For Grammy Award-winning trumpeter Terence Blanchard, composing a jazz concert based on the children’s novel “Bud, Not Buddy” meant more than just telling Christopher Paul Curtis’s colorful Depression-era tale in musical terms. It meant writing serious music that high school kids could perform.
“I’m not trying to give them a free ride,” Blanchard said by phone recently from Cleveland, where he was on tour. “I want them to have to gear up to perform this. But at the same time, it should be fun for them to play.”
Students won’t be performing the score when “Bud, Not Buddy” makes its debut this weekend in the Kennedy Center’s Eisenhower Theater. That’s the longer-life goal for this project. But Blanchard did get to test-drive his material with student musicians in England during a workshop as he wrote.
“They got up for it,” he says.
Blanchard won’t be playing, either, with the dozen or so professional musicians performing his score. The music helps tell Curtis’s story of a plucky 10-year-old orphan (played by Justin Weaks) who is convinced that the father he never met is a cranky Michigan musician (Frankie Faison) who leads a popular jazz outfit.
[Roger Catlin talks with Terence Blanchard]
“I tried to make sure the music is emblematic of the period,” says Blanchard, whose New Orleans roots and long experience as a performer, bandleader and film composer all put him on familiar ground for this project. (His jazz opera “Champion” for the Washington National Opera will debut at the Kennedy Center in March.) “It’s in my blood,” Blanchard, 54, says of the Depression era’s rhythms and harmonies.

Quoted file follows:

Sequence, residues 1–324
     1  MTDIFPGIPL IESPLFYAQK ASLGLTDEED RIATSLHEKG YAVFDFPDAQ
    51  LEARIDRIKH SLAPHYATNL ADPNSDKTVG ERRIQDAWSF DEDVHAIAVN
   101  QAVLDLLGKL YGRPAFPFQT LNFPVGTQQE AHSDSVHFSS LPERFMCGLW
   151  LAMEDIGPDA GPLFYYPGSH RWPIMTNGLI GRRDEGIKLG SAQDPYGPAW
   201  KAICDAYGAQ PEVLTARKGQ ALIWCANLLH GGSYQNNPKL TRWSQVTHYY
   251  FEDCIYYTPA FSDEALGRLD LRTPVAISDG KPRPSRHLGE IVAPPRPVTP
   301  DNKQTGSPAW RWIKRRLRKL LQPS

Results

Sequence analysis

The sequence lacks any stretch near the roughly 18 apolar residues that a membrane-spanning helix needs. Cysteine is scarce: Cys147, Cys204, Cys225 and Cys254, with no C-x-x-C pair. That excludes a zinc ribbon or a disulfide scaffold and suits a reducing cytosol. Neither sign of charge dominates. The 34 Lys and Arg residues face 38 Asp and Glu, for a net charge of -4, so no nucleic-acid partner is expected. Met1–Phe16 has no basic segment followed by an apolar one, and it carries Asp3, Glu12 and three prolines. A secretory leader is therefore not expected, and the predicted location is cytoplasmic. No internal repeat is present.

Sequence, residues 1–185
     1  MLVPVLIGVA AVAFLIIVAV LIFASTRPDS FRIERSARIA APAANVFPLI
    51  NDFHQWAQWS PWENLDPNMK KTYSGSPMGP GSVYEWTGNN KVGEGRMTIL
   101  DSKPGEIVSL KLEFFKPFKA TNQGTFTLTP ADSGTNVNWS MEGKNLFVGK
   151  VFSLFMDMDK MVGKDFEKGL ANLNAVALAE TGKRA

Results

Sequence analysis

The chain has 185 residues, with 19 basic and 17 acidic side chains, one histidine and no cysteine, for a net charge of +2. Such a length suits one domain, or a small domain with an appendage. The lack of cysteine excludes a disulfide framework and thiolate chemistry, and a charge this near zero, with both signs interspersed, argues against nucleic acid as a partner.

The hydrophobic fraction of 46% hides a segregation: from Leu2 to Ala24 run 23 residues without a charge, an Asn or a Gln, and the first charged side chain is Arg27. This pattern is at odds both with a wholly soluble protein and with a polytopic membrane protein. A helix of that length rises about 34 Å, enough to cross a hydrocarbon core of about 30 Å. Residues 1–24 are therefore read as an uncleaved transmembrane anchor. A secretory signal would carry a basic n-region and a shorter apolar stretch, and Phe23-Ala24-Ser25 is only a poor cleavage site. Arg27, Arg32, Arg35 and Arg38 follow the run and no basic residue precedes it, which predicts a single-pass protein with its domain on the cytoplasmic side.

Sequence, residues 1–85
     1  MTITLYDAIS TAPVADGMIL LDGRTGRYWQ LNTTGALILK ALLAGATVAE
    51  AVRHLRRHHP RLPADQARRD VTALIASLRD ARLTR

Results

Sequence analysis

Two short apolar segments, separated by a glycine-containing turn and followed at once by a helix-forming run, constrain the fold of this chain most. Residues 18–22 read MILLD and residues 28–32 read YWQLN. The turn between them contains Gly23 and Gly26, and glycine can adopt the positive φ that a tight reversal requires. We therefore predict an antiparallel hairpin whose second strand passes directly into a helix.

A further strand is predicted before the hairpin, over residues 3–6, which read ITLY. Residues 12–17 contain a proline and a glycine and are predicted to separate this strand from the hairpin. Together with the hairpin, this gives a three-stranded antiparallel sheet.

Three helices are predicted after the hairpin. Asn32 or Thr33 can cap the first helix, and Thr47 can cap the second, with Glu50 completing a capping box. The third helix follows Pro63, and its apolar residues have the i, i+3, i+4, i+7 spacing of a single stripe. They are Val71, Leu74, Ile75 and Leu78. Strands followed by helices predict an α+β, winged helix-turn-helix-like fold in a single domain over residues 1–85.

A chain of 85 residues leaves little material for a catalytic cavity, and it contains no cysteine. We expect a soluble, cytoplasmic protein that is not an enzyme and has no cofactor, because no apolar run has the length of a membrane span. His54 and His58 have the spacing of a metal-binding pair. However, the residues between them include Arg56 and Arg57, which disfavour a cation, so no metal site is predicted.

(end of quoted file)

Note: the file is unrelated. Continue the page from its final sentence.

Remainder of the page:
Curtis’s engaging 1999 book is told in the first person by a youngster who’s weary of the foster care treadmill and eager to somehow find himself. Eventually he’s taken in by a group of jazz musicians, with young Bud’s excited descriptions of their musicianship turning into a highlight of the book.
To shape the story, the Kennedy Center turned to playwright Kirsten Greenidge, whose recent drama “Milk Like Sugar” at Mosaic Theater Company captured the lively voices of modern high schoolers. Greenidge didn’t know Curtis’s novel, but quickly fell for it — and learned that it has an enthusiastic following.
“My students are millennials,” says Greenidge, who teaches playwriting at Boston University, “and most of them had a visceral reaction of ‘Oh, my God, I love that book.’
“I wanted to do justice to people who might come in really excited to see a rendition of this novel and to see themselves onstage, if they’re kids of color. There are not necessarily a lot of novels that cater to young boys of color, I’m finding as the mother of a young son.”
The Greenidge family seems writerly all around: The playwright’s sister is a historical novelist, and even Greenidge’s 9-year-old daughter is writing — she’s up to Chapter 20 of a novel.
“It’s a little embarrassing when your daughter produces more pages a day than you do,” Greenidge says.
For “Bud,” Greenidge’s task was setting up Blanchard’s songs in the kind of concert approach the Kennedy Center used for “The Trumpet of the Swan” in 2008, with composer Jason Robert Brown conducting a 35-piece orchestra while actors read their parts at music stands. Greenidge and Blanchard met a couple of times — amid touring and composing, Blanchard also teaches at Boston’s Berklee College of Music — but often communicated through Kennedy Center connections.
“It’s exciting, but also nerve-racking,” Blanchard said. “You have a vision, but everyone else has a vision, and you have to trust everyone’s responsibility. What can come out is so much bigger than what I was conceiving. That’s one of the reasons I like doing these things.”
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